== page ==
“This is the first record under my own name,” Selena Rosanbalm says matter-of-factly about her new album. “The name change makes me feel liberated. It gives me the freedom to get political and talk about real issues facing the world today instead of feeling pressured to write within the confines of country music.”
You may recall the band she’s referring to writing for -- honky-tonk group Rosie and the Ramblers, founded in 2011, and based in Austin, Texas. In addition to touring the western US, recording two EPs, and releasing a full-length record of original material, Rosie and the Ramblers became a crowd favorite in Austin’s two-stepping scene, boasting billing with Austin favorites Kelly Willis, Mike and the Moonpies, and Brennen Leigh.
With her new, self-titled album, Selena deals with grief -- the death of a loved one, the end of a relationship, shifts in dynamics between adult children and their parents. She introduces listeners to more of who she is, showcasing heartbreaking candor and an edginess that sets these new songs apart from her previous work. Throughout the album, she’s not afraid to approach complicated subject matter.
“The name change from Rosie and the Ramblers to Selena Rosanbalm was really the impetus for the new record,” she says. “I had a bunch of songs ready to go, but when I needed a few more, I studied the music I wanted my ‘new sound’ to sound like and worked to write in those styles.”
Selena stepped away from music for two years after the sudden death of a loved one. Taking the time to grieve properly allowed her to fully process the loss, which in turn fueled her writing. Her songs are more open and honest than ever. Her perspective has broadened and changed. The trauma reshaped the way she experiences the world, reconstructed her view of it, and revealed many things she once thought important as inconsequential.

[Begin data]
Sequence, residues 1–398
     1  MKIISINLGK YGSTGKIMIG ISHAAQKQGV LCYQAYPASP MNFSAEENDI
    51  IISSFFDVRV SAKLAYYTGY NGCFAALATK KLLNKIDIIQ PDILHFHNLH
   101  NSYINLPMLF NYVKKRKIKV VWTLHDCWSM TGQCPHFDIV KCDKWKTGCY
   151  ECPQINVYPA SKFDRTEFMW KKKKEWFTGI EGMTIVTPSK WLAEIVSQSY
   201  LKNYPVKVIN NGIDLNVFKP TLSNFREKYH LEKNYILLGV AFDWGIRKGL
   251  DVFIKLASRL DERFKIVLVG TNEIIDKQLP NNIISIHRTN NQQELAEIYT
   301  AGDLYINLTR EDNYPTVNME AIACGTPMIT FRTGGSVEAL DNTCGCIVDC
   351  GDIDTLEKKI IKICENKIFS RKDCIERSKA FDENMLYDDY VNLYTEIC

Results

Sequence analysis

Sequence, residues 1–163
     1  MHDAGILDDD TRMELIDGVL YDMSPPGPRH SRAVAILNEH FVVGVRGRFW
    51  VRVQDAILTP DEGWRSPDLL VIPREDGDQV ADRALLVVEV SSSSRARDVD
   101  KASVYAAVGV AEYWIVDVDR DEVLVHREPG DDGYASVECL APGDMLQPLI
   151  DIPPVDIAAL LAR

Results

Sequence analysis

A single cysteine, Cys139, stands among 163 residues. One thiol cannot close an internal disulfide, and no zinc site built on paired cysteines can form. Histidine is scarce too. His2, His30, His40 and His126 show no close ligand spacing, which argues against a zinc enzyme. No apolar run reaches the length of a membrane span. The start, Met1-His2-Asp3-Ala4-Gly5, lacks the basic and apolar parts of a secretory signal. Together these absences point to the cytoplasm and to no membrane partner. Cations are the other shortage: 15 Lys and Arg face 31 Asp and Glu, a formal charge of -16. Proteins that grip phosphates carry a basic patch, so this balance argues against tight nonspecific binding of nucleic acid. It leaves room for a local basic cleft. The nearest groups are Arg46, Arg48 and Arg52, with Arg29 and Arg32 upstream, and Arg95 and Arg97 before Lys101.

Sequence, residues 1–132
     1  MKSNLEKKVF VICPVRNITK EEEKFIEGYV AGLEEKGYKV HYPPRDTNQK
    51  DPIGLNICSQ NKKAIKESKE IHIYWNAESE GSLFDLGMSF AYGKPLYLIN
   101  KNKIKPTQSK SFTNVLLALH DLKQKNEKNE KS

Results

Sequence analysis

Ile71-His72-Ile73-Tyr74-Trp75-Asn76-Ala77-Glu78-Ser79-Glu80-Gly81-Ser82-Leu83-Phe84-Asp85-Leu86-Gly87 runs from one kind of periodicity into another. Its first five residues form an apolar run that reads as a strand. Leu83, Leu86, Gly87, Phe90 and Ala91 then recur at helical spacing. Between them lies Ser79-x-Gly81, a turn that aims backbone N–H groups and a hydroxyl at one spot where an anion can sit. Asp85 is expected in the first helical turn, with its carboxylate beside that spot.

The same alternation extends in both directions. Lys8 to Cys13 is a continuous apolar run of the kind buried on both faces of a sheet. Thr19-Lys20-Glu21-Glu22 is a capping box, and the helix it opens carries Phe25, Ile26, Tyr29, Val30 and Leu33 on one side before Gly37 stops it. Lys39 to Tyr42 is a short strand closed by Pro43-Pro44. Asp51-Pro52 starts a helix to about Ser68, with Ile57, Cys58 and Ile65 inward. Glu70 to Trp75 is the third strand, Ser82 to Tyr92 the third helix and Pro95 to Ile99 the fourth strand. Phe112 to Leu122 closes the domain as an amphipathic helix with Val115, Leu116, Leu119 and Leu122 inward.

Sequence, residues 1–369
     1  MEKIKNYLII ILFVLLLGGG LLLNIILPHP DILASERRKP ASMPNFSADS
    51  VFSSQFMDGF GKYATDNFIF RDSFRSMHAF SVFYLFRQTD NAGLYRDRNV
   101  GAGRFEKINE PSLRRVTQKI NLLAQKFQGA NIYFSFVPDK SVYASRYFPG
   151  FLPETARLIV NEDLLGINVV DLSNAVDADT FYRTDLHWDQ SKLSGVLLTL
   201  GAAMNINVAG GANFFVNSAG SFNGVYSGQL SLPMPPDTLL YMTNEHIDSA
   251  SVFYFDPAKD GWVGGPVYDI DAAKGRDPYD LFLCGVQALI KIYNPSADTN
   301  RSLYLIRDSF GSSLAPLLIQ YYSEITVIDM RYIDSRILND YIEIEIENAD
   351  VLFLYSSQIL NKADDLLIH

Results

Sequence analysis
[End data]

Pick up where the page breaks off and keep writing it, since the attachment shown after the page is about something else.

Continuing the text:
Music has been a large part of Selena’s life for—well, most of it. After earning a Bachelor of Music from Oklahoma City University, she spent some years pursuing a musical theatre career and was an Austin Critics Table Award nominee (Best Actor in a Leading Role) for her portrayal of the legendary Patsy Cline in 2009. She even did a stint in New York City, auditioning for Broadway and touring shows. After returning to Austin, Selena decided her creative life needed a jolt, and she started a band.
Selena has helped keep the tradition of Western Swing alive, singing and recording four albums with Hot Texas Swing Band over the last nine years. In Fancy, a cover band featuring women’s country music from the ‘80s and ‘90s, Selena shares the spotlight with fellow singer-songwriters Beth Chrisman and Christy Hays. She’s recorded backup vocals for other artists, perhaps most notably as a member of a quartet featured on Brennen Leigh Sings Lefty Frizzell. The 2014 release from Rosie and the Ramblers, "Whatever You Need," was met with critical acclaim.
5 January 2021 | Season 1 | 52 mins 54 secs
album release, musician, songwriter
In this episode, Skipper chats with Selena Rosanbalm about making a solo album this year, releasing it, and promoting it without the typical methods to support it (read: touring)